In addition, the board and officers of a traditional for-profit owe fiduciary duties to their shareholder (investors). After all, the purpose of a traditional for-profit company is to provide a return to investors—an entrepreneur cannot raise a significant amount of money and then immediately pay himself and exorbitant salary. Each decision in a traditional for-profit must be justified as providing a future return for the company, expressed as a return on the bottom line. Often, such concerns put significant pressure on a founding social entrepreneur’s goals. With these sorts of pressures, will your company withstand mission drift? Be honest with yourself: does that matter to you?
The hybrid organizations have some control provisions built into them to resist mission drift from the founder’s original goals. Washington’s social purpose corporation, for example, permits a social mission to be written into the company’s articles of organization such that the officers and directors must consider the social mission when taking action, and it takes at least a two-thirds majority vote of the shareholders to amend that mission. Furthermore, the fiduciary duties of hybrid organizations are typically owed to the companies stakeholders—defined as the company’s employees, customers, the environment its local community, and its shareholders—rather than merely to the company’s shareholders.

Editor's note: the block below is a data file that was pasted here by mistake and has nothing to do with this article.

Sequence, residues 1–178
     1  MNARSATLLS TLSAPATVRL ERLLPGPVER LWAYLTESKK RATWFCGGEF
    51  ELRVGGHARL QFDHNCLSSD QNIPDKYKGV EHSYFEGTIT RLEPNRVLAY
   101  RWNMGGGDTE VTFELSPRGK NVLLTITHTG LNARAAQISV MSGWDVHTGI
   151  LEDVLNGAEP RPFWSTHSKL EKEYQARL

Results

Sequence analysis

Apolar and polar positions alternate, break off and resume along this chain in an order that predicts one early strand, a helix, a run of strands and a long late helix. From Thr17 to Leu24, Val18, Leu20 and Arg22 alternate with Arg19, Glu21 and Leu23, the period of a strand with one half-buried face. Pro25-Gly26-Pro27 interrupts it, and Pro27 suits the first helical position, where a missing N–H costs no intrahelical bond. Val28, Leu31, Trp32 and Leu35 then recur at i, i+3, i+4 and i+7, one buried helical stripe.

3. Conclusion: Choosing a Legal Structure
And with that, it’s time to choose the legal structure. After addressing each factor individually, consider them together for a moment. More often than not, your assessment of mission, market, capital, and control will simply reveal the appropriate legal structure.
The article provided above is for general information purposes only and should not be relied on as specific legal advice. This article does not form an attorney-client relationship. If you have any questions about this article, please feel free to contact Peter J. Smith at email@example.com
 A nonprofit is not automatically a 501c3 or other “tax-exempt” organization. Gaining tax exempt status is a separate process that the IRS administers to qualifying nonprofit organizations.
 Yes, nonprofit organizations can offer debt that may seem very similar to equity type financing, but that discussion is for a separate blog post.